Toffer was livid. His ledgers were missing. For the life of him, he couldn’t remember who dealt with his accounting. Was it Frank? John? Or was it that little weasel who’d been his stepping stool for so long, what was his name?
No matter. They were all going down. He was safe from all, or so he thought. He was untouchable.
He had connections. He was Toffer French, for God’s sake. He controlled everything in Des Moines. He was God.
He forced his massive four hundred pound frame, all five foot four inches of it, off the chair that had been barely holding him up. Even standing, he looked like a toad. He loosened his tie.
Walking over to the window of his office, he looked out upon the city. He could see the capitol building from where his office sat. It was his way of fancying himself an important man. He had people working up there.
Hell. He had put everyone there into office. They owed him. And he would take back what they owed him.
If they refused to give him what he wanted, he would destroy them. He would expose their greed and corruption. He didn’t care that it might destroy him as well. He would just rip their careers to shreds.
This was his city. He would rule it before the decade was out. His boy would have his choice of the young ladies. His boy would have free rein.
He smiled evilly. He would break those who opposed him. He would start with Michael Morrow and that Russian witch of a wife. Morrow Mill Works would be his and the Morrows would be without a country. He would see to it.
He took a deep breath. First, he had to find a new team. He needed partners in this endeavor, people he could trust. But who would trust him enough to join him?
A light went on in the darkness within his mind. There were only three who were as vile as he. Corgan Michaels was one such man.
Cold, heartless, and worth billions, Corgan was less interested in humanity than he was making money. Truitt Farner was another. Farner ran a small advertising firm midtown. He was unscrupulous when it came to getting clients, often stealing from the other firms and then forcing the “new” client to pay triple what they had been with their original firm.
Tor Halgaard was another. Whatever it was Tor did, it made him a feared man. And a wealthy one. Perfect choice for a henchman.
Finally, there was Franklin Farsight. Frankie was a hit man. But would he be game? Toffer didn’t know.
J. Howard McGrath stood at the door of the Morrow home waiting for an answer when Valeria opened. She looked at him. “May I help you, Sir?”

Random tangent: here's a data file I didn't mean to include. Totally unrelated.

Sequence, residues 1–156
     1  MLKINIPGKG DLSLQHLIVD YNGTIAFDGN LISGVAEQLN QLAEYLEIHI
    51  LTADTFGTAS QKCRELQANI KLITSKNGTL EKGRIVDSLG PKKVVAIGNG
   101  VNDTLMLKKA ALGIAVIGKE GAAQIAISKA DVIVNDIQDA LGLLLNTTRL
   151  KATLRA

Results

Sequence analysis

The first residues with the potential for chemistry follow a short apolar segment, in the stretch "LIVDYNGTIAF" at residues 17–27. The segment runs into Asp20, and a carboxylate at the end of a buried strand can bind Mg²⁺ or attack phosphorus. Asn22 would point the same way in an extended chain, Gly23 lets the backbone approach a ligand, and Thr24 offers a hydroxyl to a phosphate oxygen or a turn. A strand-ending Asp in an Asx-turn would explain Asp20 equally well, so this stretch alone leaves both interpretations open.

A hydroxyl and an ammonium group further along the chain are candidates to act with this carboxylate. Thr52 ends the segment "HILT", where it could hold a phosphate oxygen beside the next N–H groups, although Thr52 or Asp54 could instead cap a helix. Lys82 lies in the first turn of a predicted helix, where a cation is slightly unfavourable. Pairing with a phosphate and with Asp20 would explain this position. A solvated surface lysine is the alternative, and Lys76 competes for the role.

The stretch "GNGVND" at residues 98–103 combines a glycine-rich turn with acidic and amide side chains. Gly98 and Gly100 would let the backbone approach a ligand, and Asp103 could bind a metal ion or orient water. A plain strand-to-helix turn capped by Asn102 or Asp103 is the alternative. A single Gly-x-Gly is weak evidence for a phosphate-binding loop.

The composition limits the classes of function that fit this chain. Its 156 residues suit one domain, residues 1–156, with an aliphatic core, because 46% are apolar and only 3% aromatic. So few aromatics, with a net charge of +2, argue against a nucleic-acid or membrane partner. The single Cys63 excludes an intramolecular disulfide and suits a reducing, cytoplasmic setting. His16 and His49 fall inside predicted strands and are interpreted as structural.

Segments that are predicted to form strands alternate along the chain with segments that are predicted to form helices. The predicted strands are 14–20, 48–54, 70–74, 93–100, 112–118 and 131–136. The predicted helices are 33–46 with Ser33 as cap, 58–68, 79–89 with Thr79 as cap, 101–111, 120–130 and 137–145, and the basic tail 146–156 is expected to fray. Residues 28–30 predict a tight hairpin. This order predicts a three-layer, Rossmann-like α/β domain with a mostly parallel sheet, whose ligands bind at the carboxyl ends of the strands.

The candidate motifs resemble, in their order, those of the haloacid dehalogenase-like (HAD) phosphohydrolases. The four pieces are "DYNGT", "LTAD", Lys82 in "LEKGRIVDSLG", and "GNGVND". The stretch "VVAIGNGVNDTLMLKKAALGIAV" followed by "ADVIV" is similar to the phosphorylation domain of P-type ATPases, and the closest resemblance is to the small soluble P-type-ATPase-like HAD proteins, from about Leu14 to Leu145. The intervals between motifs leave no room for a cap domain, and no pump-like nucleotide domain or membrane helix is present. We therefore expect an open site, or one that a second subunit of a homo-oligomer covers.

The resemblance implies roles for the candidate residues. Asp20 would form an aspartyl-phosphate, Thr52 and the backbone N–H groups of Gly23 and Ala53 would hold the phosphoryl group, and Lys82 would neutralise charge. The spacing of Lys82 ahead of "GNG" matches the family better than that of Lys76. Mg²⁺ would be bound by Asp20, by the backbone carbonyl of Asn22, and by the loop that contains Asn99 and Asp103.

He nodded and smiled. “Yes ma’am, you can. I am J. McGrath here to see a Mr. Michael Morrow. May I come in?”
She smiled cordially. “Of course. Please do come in.”
He nodded again. “Thank you. You must be Valeria. I’ve heard so much about you. I know your brother and brother-in-law quite well. Sad state, the accusations made against them. their accusers were found to be less than honest and forthcoming.”
She looked at him. “Wait here.” She took her leave.
Seconds later, Michael appeared and stretched out his hand in greeting. “Michael Morrow, Mr. McGrath. Pleased to meet you. Follow me, if you will.”
Michael led the gentleman to his study. Inside sat Frank, John, and the host of other witnesses against Toffer French. McGrath stepped inside.
Frank looked at the Attorney General. “Glad you could come. We have quite a bit of evidence to turn over to you.”
McGrath nodded. “Good, good. And Toffer?”
Frank grinned. “He has no knowledge of this meeting or anything else.” He grew serious. “I remember you telling me that you wanted to catch a crook, well here you have a chance. Corruption, extortion, blackmail, tax evasion, embezzlement–it’s all there, including proof of at least twenty rapes and murders.”
McGrath looked at Frank sternly. “I hope none in this room had anything to do with the crimes.”
Frank shook his head. “No. At least not the major ones. The records were kept in secret, without Toffer’s knowledge.”
McGrath looked around the room. “Will he have the money to fight the charges?”
Frank shook his head. “No. His company is in the red. He lives beyond his means. Even if he sold his house and most of his cars, he would still not have enough to fight. He owes more than he could ever make back.
“The mafia refuses to help him anymore because he owes too much. He owes them too much. Billions, not millions. And they really don’t want his company because it would take too much to bring it to code and make it safe.”
McGrath shook his head. “Damn.”
Allan stood. “The factory is unsafe. The working conditions are abysmal. I am just amazed that more workers have not been injured or have died than what have.
“There has been no repairs made. The raw materials are inferior. The products are cheap and shoddy. The income of the company is far less than what he is willing to admit…because of the shoddy product.”
McGrath nodded. “I see.” He turned to leave. “If you are all willing, please load the evidence into the car outside.”
Michael smiled. “We sure will.”
Each man in the office grabbed a box and headed for the door. McGrath also picked up a box. He had been waiting a year for this kind of information on Toffer French and now he had it. He had enough to put French away for life.
He wondered how long French would last on Alcatraz. A day? A week? A month? A year? Three years?
He hoped he would get to see the end of this case. He wanted to put that man away in the worst way. Even if he was unable to get it done, the man who succeeded him as Attorney General would. He would see to it that all those who came after him would fight to put away people like Toffer French.